North and South (Chapter 6, page 2 of 5)

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Chapter 6

Margaret went along the walk under the pear-tree wall. She had
never been along it since she paced it at Henry Lennox's side.
Here, at this bed of thyme, he began to speak of what she must
not think of now. Her eyes were on that late-blowing rose as she
was trying to answer; and she had caught the idea of the vivid
beauty of the feathery leaves of the carrots in the very middle
of his last sentence. Only a fortnight ago And all so changed!
Where was he now? In London,--going through the old round; dining
with the old Harley Street set, or with gayer young friends of
his own. Even now, while she walked sadly through that damp and
drear garden in the dusk, with everything falling and fading, and
turning to decay around her, he might be gladly putting away his
law-books after a day of satisfactory toil, and freshening
himself up, as he had told her he often did, by a run in the
Temple Gardens, taking in the while the grand inarticulate mighty
roar of tens of thousands of busy men, nigh at hand, but not
seen, and catching ever, at his quick turns, glimpses of the
lights of the city coming up out of the depths of the river. He
had often spoken to Margaret of these hasty walks, snatched in
the intervals between study and dinner. At his best times and in
his best moods had he spoken of them; and the thought of them had
struck upon her fancy.

Here there was no sound. The robin had
gone away into the vast stillness of night. Now and then, a
cottage door in the distance was opened and shut, as if to admit
the tired labourer to his home; but that sounded very far away. A
stealthy, creeping, cranching sound among the crisp fallen leaves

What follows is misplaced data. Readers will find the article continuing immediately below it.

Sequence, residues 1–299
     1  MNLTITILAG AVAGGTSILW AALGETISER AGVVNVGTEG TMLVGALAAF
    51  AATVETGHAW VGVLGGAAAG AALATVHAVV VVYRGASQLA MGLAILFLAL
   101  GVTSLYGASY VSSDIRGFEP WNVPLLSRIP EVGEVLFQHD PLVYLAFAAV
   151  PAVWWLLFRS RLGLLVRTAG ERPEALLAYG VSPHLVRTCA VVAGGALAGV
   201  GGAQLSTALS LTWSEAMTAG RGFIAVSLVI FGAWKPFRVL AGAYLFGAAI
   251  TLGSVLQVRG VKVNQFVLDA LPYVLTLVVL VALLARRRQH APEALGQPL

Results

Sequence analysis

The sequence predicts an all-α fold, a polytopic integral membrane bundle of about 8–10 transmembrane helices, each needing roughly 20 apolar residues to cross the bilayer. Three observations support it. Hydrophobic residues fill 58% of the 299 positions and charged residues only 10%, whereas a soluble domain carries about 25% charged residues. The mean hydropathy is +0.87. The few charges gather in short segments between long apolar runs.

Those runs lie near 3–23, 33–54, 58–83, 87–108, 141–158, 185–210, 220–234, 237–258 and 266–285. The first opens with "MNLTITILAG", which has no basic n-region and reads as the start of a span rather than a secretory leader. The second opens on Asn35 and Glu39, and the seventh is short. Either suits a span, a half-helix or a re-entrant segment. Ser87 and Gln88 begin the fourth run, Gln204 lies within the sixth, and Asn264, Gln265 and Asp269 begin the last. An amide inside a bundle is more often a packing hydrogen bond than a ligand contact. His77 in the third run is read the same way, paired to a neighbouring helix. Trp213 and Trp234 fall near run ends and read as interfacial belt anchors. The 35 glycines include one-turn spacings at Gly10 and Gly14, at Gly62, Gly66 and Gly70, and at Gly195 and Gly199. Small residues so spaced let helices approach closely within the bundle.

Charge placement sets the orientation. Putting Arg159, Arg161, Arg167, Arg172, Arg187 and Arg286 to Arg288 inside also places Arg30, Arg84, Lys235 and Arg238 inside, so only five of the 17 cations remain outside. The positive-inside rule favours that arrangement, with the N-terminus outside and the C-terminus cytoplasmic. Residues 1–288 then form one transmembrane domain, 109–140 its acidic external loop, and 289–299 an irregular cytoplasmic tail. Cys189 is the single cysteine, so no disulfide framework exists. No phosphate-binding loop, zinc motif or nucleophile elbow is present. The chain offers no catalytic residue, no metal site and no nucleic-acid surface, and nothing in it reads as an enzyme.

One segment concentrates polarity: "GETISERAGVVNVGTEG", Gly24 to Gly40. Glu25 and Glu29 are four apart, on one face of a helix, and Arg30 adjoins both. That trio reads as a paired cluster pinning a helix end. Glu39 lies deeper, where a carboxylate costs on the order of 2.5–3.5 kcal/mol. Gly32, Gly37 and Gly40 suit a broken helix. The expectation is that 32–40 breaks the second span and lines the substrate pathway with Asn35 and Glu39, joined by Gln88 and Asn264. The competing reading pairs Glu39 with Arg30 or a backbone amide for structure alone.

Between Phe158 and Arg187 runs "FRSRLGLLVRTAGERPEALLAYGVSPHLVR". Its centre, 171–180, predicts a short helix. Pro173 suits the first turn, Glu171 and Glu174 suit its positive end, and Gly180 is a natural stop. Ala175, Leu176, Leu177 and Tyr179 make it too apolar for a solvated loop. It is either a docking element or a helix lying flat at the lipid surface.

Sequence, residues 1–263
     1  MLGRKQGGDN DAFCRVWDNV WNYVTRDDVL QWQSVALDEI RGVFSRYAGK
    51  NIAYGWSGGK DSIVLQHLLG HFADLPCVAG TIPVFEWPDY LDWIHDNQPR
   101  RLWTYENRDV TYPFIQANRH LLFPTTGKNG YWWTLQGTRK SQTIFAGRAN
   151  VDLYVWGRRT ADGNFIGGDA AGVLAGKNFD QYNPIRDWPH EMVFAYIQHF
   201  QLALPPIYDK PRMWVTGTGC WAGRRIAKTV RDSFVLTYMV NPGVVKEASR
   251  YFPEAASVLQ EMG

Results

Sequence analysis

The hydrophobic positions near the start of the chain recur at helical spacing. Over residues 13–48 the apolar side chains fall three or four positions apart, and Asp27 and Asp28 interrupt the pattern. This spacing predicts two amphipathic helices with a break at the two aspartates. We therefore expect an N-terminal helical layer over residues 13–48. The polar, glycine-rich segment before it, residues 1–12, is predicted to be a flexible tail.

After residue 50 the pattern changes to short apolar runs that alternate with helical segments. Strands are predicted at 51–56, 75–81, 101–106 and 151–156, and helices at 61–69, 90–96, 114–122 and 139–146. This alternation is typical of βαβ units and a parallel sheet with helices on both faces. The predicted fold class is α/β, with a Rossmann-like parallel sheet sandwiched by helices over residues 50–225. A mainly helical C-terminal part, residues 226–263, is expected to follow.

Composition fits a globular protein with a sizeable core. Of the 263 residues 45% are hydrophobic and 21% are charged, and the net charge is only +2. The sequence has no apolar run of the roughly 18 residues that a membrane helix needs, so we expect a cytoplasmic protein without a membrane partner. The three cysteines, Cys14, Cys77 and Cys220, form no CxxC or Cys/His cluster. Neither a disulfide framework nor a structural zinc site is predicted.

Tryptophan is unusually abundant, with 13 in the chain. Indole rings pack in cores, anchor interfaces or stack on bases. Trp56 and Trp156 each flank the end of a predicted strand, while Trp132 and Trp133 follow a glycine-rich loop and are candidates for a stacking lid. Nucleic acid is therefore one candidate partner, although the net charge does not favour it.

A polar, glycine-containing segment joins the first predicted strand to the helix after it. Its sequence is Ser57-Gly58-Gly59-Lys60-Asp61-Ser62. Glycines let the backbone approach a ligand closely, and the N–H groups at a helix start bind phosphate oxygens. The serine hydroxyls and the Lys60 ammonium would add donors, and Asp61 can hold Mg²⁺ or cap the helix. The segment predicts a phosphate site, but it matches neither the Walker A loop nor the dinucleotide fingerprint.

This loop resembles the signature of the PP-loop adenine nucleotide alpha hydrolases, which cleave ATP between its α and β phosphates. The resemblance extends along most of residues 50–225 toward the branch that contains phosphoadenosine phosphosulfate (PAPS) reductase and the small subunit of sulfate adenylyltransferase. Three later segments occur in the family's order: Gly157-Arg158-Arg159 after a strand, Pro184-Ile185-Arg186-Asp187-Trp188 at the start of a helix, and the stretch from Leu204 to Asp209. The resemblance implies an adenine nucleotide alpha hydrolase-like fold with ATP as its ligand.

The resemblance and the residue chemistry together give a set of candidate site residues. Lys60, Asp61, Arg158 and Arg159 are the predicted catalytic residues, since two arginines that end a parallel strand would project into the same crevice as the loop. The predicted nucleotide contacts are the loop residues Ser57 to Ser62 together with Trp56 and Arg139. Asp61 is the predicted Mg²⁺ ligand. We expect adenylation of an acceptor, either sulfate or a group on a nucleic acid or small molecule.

of the forest, beyond the garden, seemed almost close at hand.
Margaret knew it was some poacher. Sitting up in her bed-room
this past autumn, with the light of her candle extinguished, and
purely revelling in the solemn beauty of the heavens and the
earth, she had many a time seen the light noiseless leap of the
poachers over the garden-fence, their quick tramp across the dewy
moonlit lawn, their disappearance in the black still shadow
beyond. The wild adventurous freedom of their life had taken her
fancy; she felt inclined to wish them success; she had no fear of
them. But to-night she was afraid, she knew not why. She heard
Charlotte shutting the windows, and fastening up for the night,
unconscious that any one had gone out into the garden. A small
branch--it might be of rotten wood, or it might be broken by
force--came heavily down in the nearest part of the forest,
Margaret ran, swift as Camilla, down to the window, and rapped at
it with a hurried tremulousness which startled Charlotte within.

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